AliExpress product page

Steel M3 2020 nuts (US$7.96 for 100 pcs = $0.08 each)
AliExpress product page

Also look for thumb-nuts, which are round knobs with a thread going through them. They’re far prettier than wing-nuts.

These nuts are meant to be used on 2020-profile extruded aluminum bars, but they’re perfect for use as captive nuts when set into hollows on the surface of a print.

Brass M3 knurled insert (US$1.99 for 100 pcs = $0.02 each)
AliExpress product page

A threaded insert is a kind of nut that is designed to fit inside a hole. Knurling on its outside face cuts into the walls of the hole, holding it in place. This turns any printed hole into a smooth, infinitely reusable screw mounting point, and it makes a huge difference to the feel and usability of an enclosure. You typically fit a threaded insert into a hole by using the tip of a hot soldering iron to push it into the plastic, but I think this method is weak. It is better to mount the insert so that there is a retaining collar in front of it. Fastening a screw into the insert pulls it against the collar, bracing the insert and giving the screw something to pull on.

Optional assorted vitamins

Self-adhesive rubber feet (US$2.18 for 20 pcs = $0.11 each)
AliExpress product page

Put these on the bottom of an enclosure to hide screw holes and give it a non-slip base.

Steel M3 all-thread rod (US$12.74 for 5 pcs = $2.55 each)
AliExpress product page

Some all-thread rod lets you make fasteners of arbitrary length.

Small ball bearings (US$1.34 for 10 pcs = $0.13 each)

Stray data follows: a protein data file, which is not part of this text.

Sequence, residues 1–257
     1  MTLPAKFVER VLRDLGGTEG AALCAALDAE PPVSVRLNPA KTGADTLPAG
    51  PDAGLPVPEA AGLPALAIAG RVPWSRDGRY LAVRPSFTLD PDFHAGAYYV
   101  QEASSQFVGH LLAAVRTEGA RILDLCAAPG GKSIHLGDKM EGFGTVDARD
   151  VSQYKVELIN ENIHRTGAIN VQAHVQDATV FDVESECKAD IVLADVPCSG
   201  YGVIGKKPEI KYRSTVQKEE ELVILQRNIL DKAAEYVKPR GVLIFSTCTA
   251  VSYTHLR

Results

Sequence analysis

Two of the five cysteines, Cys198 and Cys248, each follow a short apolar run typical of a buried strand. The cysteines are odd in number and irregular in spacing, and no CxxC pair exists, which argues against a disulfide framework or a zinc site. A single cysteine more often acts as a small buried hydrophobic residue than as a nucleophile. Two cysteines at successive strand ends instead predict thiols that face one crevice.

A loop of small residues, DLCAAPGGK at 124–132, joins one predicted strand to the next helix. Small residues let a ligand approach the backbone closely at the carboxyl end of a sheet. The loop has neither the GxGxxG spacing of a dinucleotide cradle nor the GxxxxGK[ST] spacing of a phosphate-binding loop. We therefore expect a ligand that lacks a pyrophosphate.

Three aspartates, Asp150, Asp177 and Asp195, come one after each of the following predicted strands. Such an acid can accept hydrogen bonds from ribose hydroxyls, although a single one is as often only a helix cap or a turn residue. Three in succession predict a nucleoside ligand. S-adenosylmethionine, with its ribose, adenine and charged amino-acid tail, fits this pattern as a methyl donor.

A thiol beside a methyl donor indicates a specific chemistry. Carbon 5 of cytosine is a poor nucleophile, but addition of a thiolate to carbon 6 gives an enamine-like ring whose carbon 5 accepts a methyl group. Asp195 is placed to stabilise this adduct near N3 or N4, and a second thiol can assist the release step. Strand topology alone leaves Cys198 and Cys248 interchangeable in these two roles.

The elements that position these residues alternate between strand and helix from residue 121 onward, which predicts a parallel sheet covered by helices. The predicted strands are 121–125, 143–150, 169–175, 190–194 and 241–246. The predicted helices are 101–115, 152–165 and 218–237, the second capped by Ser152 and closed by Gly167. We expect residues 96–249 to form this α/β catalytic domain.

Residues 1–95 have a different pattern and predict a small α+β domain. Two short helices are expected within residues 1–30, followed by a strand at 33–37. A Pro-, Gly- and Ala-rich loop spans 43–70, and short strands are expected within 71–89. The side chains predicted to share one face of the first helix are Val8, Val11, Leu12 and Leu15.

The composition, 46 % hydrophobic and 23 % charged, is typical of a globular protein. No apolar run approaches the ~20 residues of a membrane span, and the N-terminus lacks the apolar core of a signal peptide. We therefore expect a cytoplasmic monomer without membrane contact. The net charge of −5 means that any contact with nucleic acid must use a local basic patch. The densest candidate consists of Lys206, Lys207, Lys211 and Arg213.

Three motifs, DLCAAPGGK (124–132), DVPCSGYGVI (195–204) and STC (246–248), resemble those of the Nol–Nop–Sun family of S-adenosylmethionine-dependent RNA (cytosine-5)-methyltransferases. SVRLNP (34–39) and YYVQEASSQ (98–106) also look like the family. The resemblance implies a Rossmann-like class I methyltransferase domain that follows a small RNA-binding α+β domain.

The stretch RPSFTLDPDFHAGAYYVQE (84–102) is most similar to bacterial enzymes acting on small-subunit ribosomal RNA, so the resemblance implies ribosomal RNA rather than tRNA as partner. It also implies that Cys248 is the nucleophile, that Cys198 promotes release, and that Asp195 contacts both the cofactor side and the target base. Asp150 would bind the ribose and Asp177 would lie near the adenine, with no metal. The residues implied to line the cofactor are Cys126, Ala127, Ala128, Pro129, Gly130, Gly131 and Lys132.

AliExpress product page

Ball bearings are the most common type in general designs, and small bearings are the most versatile. Do note the crazy low price of these things. If you’re designing something that needs precision, like a CNC table, replace these with good bearings of known provenance later.

Bamboo kebab skewers (USD$6.00 for 85 pcs = $0.07 each)
AliExpress product page

Bamboo skewers are suuuuuuuuper useful. They’re very strong, they’re dimensionally consistent, and they’re easy to trim. This makes them appropriate for use as strap posts, locating pins, through-pins, hinge pins, and many other applications. If a design uses 3 mm filament as a pin, it can be meaningfully replaced with a 3 mm bamboo skewer. You can get these in a small range of diameters and lengths too.

Neodymium (rare earth) magnets (AU$20.00 for 100 pcs = $0.20 each)
AliExpress product page

I’ve slowly standardised on a few sizes of magnets:

  • 3 x 1 mm disc magnets for very small things, like putting into hex bit holders to retain screwdriver heads and stuff.
  • 6 x 2 mm disc magnets for regular use, things like box closures and fridge magnets.
  • 8 x 5 mm disc magnets for heavy use, things like magnetic clamps, jigs, tool hangers, and so on.

I haven’t found a use for square or rectangular magnets over disc magnets. Circles are nice and clean to print. Buy a hundred magnets at a time so that you can experiment freely. However, note that the quality and dimensional accuracy of magnets is a little varied from AliExpress. I have bought 8 x 5 mm magnets from AliExpress ($0.20 each) and from an Australian supplier ($1.35 each) and the pricier magnets are bang-on the nominal dimensions and significantly more powerful. The cheaper magnets are about 0.5 mm shorter and their pull force is weaker. I would say that it’s good to have cheap magnets for prototyping and perhaps selling, and to order good magnets if you need them. It’s a good idea to design your prints with a little pinhole behind the magnets (or with a through-hole for the magnets’ bores) so that you can push the magnet out without destroying the print.

That's all there is, there isn't any more.
© Desi Quintans, 2002 – 2020.